R35 Receipt of any sort of ICMP message MUST NOT terminate the state R36 Receipt of any sort of ICMP message MUST NOT terminate the state
record for an SCTP association. record for an SCTP association.
R36 All valid sequences of DCCP packets (defined in [RFC4340]) MUST R37 All valid sequences of DCCP packets (defined in [RFC4340]) MUST
be forwarded for all connections to exterior servers and those be forwarded for all connections to exterior servers and those
connections to interior servers with explicitly permitted service connections to interior servers with explicitly permitted service
codes. codes.
R37 A gateway MAY abandon a DCCP state record if it has been idle R38 A gateway MAY abandon a DCCP state record if it has been idle
for some time. In such cases, the value of the "established for some time. In such cases, the value of the "established
connection idle-timeout" MUST NOT be less than two hours four connection idle-timeout" MUST NOT be less than two hours four
minutes. The value of the "transitory connection idle-timeout" minutes. The value of the "transitory connection idle-timeout"
MUST NOT be less than eight minutes. The value of the idle- MUST NOT be less than eight minutes. The value of the idle-
timeouts MAY be configurable by the network administrator. timeouts MAY be configurable by the network administrator.
R38 If a gateway forwards a DCCP connection, it MUST also forward R39 If a gateway forwards a DCCP connection, it MUST also forward
ICMP Destination Unreachable messages containing DCCP headers that ICMP Destination Unreachable messages containing DCCP headers that
match the connection state record. match the connection state record.
R39 Receipt of any sort of ICMP message MUST NOT terminate the state R40 Receipt of any sort of ICMP message MUST NOT terminate the state
record for a DCCP connection. record for a DCCP connection.
R41 Gateways SHOULD implement a protocol to permit applications to
solicit inbound traffic without advance knowledge of the addresses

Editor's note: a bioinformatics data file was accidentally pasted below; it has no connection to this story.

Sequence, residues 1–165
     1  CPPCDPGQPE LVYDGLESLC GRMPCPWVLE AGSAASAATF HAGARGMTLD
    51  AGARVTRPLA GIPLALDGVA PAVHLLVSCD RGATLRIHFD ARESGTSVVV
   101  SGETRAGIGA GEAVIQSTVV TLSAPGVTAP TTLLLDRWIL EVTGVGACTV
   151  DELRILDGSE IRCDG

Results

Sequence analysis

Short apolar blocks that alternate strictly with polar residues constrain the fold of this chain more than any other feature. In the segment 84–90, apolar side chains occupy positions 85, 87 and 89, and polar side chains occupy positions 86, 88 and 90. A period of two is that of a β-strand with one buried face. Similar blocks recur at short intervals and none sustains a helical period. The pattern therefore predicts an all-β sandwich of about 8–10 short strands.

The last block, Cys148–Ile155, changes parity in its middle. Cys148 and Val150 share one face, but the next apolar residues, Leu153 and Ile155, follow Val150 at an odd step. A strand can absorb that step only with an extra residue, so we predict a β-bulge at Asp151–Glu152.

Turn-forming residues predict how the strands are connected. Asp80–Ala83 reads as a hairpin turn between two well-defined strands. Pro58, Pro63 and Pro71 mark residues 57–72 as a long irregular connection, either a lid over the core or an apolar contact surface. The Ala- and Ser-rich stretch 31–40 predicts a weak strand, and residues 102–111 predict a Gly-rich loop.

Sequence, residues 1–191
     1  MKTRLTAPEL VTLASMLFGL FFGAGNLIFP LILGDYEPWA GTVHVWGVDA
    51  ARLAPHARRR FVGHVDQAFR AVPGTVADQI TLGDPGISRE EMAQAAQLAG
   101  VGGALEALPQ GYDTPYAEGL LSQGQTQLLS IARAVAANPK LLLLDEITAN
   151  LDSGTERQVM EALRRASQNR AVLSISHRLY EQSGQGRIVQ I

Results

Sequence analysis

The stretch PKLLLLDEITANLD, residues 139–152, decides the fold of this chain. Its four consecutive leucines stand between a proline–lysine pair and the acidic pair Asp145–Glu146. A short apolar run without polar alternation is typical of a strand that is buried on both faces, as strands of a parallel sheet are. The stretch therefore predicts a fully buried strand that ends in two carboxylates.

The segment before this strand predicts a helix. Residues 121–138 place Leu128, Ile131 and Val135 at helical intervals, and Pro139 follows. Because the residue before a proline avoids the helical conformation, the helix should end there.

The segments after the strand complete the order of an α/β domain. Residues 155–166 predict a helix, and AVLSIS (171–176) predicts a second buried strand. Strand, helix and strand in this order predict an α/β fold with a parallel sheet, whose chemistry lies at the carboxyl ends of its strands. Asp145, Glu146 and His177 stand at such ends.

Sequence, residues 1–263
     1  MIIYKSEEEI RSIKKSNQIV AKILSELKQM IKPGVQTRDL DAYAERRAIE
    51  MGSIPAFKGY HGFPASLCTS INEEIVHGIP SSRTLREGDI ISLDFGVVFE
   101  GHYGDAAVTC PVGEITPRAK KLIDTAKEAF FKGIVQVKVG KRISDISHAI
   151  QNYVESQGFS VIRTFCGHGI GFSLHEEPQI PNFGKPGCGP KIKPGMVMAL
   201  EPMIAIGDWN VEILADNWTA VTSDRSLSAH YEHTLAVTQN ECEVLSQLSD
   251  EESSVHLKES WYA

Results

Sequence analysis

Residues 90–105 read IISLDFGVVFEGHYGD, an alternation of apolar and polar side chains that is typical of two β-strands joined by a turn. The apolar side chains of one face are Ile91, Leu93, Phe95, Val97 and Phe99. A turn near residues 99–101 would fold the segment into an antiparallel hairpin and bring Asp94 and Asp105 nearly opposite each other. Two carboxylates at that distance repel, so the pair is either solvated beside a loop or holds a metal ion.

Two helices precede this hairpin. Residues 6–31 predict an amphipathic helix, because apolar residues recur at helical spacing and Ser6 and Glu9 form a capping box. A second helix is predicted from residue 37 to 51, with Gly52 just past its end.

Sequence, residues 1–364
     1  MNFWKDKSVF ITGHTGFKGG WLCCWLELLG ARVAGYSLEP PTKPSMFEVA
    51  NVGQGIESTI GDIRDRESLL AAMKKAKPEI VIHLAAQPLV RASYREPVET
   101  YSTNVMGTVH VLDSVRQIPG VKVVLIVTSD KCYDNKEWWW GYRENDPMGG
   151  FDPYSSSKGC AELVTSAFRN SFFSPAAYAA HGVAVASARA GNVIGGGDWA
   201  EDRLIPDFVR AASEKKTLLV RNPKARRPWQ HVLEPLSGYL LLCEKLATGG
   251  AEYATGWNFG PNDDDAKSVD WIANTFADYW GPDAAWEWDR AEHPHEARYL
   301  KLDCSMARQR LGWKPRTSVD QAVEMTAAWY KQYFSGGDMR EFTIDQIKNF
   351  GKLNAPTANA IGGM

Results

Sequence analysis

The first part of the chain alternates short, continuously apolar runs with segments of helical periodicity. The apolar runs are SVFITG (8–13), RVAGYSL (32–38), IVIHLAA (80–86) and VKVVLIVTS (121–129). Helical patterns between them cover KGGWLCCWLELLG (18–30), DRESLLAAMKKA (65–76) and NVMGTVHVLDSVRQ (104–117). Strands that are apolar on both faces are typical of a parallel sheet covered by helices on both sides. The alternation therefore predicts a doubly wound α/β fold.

of exterior nodes with which they expect to communicate. If
implemented, this protocol MUST have a specification that meets
the requirements of [RFC3979], [RFC4879] and [RFC5378].
5. Contributors 5. Contributors
Comments and criticisms during the development of this document were Comments and criticisms during the development of this document were
received from the following IETF participants: received from the following IETF participants:
Fred Baker Fred Baker
Norbert Bollow Norbert Bollow
Brian Carpenter Brian Carpenter
skipping to change at page 26, line 40 skipping to change at page 26, line 21
Kurt Erik Lindqvist Kurt Erik Lindqvist
Iljitsch van Beijnum Iljitsch van Beijnum
Yaron Sheffer Yaron Sheffer
Dan Wing Dan Wing
Much of the text describing the detailed requirements for TCP and UDP Much of the text describing the detailed requirements for TCP and UDP
filtering is derived or transposed from [RFC5382] and [RFC4787], and filtering is derived or transposed from [RFC4787] and [RFC5382], and
some form of attribution here may therefore be appopriate. some form of attribution here may therefore be appopriate.
6. IANA Considerations 6. IANA Considerations
This memo includes no request to IANA. This memo includes no request to IANA.
7. Security Considerations 7. Security Considerations
The IPv6 stateful filtering behavior described in this document is The IPv6 stateful filtering behavior described in this document is
intended to be similar in function to the filtering behavior of intended to be similar in function to the filtering behavior of